Channeling his worry about the Vietnamese War Draft to become one of the most iconic photographers
You would be forgiven for thinking that we’ve become immune to being a little starstruck in the world of art and photography. The honest truth is that we haven’t - nowhere near.
We have admiration for the new names and bow down in awe of the legends. Here we speak to one such legend. Welcome Ed Caraeff.
Hi Ed, thanks so much for speaking with us…..
Can you tell us a little about your background, where you were born and schooled?
I was born in Santa Monica, California and grew up eight miles from Hollywood in View Park. I attended three different High Schools before graduating and started my “Rock ’n’ Roll Photographer” career at age 15 while still in High School.
What inspired the path of creativity behind the camera, were you always destined to do it?
I had no idea what my future occupation would be, was more worried about the Vietnamese War Draft. I took a beginners photography class and became obsessed with the photo darkroom and the creativity it offered.
Were you encouraged/supported by family and friends or told to pursue other careers?
My parents wanted me to become a Dentist! But they built me a custom darkroom when they realised I was seriously into photography and was starting to get paid for my work.
How did you start out in the world of photography. What truly inspired you?
Music inspired me then and now. The camera, film, darkroom all inspired me and was the avenue I used to express myself.
You are known for images of iconic figures, how did this part of your job transpire and evolve?
During lunch hour I left campus, went to the airport to photograph a band, The Seeds, who were returning from tour and was handed the business card from the band’s record company publicist. She asked to see the photos, I was in her Sunset Blvd office the very next afternoon. I worked steady for the next 16 years, the extent of my photography career.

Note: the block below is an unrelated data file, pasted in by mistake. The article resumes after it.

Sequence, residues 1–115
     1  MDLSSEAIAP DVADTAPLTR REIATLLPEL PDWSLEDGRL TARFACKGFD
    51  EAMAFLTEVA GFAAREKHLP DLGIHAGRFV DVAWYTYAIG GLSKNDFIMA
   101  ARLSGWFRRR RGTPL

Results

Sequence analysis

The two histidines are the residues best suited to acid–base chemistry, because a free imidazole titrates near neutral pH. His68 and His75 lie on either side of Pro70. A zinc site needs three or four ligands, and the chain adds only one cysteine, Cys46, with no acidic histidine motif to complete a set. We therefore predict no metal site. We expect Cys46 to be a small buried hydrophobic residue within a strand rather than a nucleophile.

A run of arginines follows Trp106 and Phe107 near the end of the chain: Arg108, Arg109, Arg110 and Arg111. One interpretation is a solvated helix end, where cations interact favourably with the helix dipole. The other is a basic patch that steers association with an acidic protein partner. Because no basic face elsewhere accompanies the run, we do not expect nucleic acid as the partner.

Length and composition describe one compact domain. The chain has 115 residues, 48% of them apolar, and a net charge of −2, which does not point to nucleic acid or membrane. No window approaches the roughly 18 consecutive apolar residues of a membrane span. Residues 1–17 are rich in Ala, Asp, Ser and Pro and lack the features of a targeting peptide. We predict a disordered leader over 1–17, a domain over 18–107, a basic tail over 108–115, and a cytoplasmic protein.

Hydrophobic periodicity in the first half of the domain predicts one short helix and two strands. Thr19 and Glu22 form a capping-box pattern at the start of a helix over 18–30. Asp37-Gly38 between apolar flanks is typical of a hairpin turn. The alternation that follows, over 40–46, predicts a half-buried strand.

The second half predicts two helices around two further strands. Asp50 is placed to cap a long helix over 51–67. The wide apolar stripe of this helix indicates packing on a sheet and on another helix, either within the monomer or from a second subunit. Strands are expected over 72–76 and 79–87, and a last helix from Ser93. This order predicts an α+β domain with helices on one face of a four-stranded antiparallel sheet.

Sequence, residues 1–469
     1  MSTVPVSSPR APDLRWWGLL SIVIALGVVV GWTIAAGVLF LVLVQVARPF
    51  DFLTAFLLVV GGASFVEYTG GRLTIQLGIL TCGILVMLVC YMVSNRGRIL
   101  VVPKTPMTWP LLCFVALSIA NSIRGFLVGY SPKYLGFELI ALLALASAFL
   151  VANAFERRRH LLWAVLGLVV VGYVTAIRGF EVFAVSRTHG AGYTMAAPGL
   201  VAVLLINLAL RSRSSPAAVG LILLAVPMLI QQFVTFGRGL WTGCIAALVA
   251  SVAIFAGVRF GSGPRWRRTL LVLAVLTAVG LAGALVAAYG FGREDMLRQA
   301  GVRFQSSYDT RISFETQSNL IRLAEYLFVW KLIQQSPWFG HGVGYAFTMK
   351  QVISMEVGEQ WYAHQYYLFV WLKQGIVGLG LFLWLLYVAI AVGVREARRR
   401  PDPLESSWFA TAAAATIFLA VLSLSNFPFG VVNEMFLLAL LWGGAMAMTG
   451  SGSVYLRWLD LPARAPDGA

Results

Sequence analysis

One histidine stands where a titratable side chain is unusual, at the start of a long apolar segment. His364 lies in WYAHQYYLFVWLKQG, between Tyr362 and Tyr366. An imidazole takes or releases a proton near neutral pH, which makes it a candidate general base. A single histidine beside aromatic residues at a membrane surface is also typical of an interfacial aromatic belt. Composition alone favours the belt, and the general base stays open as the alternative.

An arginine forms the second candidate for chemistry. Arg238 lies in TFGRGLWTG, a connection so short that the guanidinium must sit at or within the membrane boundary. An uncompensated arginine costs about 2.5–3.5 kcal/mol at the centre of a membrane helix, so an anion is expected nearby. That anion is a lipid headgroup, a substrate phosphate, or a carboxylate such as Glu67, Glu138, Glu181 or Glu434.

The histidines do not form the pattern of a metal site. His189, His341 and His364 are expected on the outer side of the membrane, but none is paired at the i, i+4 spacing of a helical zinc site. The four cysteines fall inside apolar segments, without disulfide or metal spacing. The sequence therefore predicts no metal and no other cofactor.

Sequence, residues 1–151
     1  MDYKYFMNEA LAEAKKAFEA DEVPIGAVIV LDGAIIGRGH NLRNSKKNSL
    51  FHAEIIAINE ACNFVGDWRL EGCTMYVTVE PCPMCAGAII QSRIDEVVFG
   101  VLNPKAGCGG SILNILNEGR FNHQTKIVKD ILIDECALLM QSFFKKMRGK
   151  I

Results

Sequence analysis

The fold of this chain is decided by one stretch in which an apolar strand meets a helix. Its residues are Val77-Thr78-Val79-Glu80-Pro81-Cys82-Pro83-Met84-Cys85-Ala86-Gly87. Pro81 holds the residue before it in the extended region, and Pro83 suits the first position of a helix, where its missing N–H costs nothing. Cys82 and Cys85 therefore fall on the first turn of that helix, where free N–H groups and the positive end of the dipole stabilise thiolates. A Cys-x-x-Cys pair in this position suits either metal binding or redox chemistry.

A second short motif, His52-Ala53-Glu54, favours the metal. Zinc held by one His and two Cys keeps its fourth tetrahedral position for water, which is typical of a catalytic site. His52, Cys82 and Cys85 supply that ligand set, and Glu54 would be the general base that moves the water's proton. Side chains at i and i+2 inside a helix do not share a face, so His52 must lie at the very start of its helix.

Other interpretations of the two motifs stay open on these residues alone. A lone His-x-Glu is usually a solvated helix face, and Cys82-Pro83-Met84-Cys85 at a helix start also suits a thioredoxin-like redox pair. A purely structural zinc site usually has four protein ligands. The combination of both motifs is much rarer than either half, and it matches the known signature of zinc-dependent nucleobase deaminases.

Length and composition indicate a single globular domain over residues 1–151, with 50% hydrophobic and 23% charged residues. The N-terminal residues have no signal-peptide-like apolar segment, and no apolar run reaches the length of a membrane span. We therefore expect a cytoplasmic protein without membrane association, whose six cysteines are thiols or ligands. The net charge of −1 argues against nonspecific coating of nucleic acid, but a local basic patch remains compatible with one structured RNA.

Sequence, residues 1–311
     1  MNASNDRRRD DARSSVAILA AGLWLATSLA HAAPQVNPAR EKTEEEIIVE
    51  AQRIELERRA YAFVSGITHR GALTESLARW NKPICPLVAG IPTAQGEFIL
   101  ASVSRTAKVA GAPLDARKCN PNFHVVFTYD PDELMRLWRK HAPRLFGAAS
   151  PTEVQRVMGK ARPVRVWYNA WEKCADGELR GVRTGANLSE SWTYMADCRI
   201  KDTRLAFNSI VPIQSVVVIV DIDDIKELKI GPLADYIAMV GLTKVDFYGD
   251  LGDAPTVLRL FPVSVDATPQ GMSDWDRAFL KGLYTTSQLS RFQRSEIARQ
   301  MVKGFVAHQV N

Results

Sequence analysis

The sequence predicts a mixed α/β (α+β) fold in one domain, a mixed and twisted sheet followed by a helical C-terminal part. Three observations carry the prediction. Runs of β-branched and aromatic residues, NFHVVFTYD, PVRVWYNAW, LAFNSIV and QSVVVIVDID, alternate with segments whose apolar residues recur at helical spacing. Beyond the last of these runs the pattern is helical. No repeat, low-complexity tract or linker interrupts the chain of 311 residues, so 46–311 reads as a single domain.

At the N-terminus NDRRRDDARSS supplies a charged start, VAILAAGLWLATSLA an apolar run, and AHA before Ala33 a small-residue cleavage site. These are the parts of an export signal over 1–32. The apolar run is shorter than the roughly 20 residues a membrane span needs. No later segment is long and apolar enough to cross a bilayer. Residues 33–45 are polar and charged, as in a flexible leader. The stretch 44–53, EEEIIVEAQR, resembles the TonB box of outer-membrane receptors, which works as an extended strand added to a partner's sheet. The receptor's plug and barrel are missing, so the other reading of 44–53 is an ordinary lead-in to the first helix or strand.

What is your favourite photograph and equally subject?
I don’t have a favourite photograph of mine, I always thought it would be my next shot. Dolly Parton was always a favourite to work with.
What is your style, what ingredients does a truly wonderful image need?
I always try to make people look their best. Great lighting, clothes, background and camera angle are all essential.
What does it take to become an extra-ordinary photographer?
Passion, a great eye, timing and connecting with subject.
Who do you admire?
René Magritte. Bob Dylan.
Tell us a favourite story behind an image you have taken?
Jimi Hendrix burning his guitar in 1967 at the Monterey Pop Festival, no one paid much attention to the photo until 1987 when Jann Wenner called me and asked to use it on the cover of Rolling Stone. He made it famous.
What were you first impressions of LIMITATO?
Tasty, quality and well designed.
What do you like/admire about the brand and its drive to provide wearable art?
I like the artists that LIMITATO chooses to adorn their line.
Do you have a favourite piece from the forthcoming collaboration and why?
Favourite is the Jimi-in-concert contact sheet that adorns dress shorts.